Even something as simple as placing masonry created through sintered or melted regolith seems to be a challenge with Farries describing the difficulties he had attempting this on Earth with a little Raspberry Pi rover.

“I used these osteomorphic blocks. A three-year old could stack these. They’re shaped in a very clever way, almost like a sine wave or cosine wave. So what happens is when you drop them, they drop into the correct position and so they’re self-aligning. So it’s quite clever the way they work and they’re really suited to automation. But what you realise is that for automatic construction, you really need depth of field and a self-awareness of where things are.”

Automation was something that people frequently talked about when it comes to constructing a lunar base — sending rovers up to create structures before humans arrived — but this also has its challenges, Farries said.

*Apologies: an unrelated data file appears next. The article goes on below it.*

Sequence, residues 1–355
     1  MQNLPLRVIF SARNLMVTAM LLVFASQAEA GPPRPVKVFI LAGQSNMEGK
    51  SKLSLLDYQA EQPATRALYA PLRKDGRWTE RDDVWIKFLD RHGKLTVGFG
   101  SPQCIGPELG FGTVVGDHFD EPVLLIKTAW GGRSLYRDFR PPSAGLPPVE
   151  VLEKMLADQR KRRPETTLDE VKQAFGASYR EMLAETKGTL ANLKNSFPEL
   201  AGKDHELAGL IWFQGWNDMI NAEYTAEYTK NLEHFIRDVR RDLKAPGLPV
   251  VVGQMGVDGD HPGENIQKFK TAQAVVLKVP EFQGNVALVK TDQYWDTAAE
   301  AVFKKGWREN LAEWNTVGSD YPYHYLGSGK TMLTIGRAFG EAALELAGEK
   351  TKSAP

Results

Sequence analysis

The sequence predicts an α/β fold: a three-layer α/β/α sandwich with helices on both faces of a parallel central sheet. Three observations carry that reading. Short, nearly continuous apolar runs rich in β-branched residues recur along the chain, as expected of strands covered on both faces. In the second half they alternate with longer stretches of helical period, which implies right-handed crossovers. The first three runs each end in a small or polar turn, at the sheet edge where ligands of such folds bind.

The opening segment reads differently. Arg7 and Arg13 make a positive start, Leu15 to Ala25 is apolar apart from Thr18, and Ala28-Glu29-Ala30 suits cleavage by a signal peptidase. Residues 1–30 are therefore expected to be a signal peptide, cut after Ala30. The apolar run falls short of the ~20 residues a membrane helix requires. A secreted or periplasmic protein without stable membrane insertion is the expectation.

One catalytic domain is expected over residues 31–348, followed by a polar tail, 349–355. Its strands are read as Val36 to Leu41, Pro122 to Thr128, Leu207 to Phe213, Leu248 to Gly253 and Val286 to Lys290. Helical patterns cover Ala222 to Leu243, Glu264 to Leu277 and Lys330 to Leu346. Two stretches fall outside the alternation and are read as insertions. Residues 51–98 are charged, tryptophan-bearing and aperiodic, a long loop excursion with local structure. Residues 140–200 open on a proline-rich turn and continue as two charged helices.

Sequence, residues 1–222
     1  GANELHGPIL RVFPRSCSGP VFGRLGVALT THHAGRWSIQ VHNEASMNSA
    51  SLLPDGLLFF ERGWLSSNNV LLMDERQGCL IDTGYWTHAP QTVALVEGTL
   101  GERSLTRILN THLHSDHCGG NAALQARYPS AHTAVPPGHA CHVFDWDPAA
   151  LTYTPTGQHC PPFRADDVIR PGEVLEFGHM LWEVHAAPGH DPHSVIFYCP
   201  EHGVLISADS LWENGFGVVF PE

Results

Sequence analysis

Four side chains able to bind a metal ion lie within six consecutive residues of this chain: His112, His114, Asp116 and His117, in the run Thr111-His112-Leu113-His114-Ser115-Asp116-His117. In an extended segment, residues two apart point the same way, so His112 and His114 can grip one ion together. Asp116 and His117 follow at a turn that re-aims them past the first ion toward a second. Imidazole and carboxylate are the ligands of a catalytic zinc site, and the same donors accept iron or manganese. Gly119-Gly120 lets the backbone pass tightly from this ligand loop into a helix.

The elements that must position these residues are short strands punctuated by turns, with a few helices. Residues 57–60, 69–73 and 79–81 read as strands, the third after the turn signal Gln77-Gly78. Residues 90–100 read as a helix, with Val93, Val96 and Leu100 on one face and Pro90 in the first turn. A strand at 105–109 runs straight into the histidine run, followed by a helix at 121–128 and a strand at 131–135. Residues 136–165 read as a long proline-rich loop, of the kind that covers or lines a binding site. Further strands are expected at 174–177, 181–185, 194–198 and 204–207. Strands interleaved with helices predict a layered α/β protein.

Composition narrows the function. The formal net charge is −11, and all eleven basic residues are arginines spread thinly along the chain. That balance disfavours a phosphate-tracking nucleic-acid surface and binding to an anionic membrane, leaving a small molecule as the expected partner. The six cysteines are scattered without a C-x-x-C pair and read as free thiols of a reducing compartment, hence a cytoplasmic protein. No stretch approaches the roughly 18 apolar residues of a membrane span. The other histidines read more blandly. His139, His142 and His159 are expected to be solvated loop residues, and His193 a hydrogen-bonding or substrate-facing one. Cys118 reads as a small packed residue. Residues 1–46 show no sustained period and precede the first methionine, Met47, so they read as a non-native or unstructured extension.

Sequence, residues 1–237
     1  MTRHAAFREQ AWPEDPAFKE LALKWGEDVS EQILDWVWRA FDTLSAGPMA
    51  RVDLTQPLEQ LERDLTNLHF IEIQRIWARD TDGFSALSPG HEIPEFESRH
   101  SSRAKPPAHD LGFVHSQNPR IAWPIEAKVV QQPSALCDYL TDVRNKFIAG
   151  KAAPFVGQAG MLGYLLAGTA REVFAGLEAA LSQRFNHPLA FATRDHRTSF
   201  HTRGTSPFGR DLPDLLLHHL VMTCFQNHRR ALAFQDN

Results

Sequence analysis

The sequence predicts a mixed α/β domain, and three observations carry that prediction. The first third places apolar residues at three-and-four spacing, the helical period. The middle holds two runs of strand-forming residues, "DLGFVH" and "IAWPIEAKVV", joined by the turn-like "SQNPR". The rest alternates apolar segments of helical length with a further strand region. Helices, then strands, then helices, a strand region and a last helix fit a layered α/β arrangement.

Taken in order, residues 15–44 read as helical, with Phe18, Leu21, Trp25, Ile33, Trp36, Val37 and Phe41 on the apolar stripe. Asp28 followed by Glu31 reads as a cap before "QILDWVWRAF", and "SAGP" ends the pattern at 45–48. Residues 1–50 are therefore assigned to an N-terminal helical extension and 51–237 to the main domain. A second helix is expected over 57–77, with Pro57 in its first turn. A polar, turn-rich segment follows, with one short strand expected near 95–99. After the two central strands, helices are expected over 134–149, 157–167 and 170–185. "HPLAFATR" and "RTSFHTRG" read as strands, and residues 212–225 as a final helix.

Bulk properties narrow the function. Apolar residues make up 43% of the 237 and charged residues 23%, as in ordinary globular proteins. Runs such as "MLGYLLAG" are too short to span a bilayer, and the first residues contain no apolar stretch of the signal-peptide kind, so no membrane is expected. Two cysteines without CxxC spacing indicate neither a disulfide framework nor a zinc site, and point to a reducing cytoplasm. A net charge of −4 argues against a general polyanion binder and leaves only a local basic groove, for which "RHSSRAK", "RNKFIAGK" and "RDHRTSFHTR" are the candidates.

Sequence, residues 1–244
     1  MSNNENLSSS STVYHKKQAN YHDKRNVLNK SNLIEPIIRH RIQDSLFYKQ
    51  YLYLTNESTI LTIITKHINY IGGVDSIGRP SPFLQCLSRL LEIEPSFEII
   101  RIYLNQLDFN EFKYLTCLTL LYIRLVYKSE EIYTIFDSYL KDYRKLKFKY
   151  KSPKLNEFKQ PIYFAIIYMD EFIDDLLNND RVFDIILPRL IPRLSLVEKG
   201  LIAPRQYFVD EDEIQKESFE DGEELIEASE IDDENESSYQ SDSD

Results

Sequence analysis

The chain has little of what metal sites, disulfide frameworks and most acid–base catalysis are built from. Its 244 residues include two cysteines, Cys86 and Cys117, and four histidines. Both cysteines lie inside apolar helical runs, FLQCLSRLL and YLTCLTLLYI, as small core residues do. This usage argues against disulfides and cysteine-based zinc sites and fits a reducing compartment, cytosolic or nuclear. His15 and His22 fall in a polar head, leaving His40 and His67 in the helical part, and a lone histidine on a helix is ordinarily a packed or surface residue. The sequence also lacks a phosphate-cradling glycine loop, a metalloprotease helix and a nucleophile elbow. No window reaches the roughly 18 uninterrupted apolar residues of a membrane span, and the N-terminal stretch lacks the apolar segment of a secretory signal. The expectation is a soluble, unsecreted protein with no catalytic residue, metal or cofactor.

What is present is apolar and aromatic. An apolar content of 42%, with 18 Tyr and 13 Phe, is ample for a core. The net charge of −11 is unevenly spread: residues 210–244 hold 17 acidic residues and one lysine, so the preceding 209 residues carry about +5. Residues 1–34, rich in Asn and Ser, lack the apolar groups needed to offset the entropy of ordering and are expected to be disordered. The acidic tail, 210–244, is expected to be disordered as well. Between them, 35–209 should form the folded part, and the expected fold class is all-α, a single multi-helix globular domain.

“There’s a lot of talk about how you automate everything but in actual fact if automation worked better than people you’d be doing it on Earth. Actually automating these processes is very difficult and even remote ops is very difficult, so you’re going to have at least some kind of human presence there when the unexpected happens to make repairs and all that sort of thing.”

For this reason, Farries explained that we could initially ship the whole habitat to the Moon, along with people, and then use something like cast regolith to further expand the base, for example extending the living quarters or building shelters for equipment.

“Then when you go beyond that, it will go beyond my research. You’ll get to the stage where you’re refining metals on the Moon, so you know you’ll no longer need to try and work with the regolith. And so each technology will have its heyday.”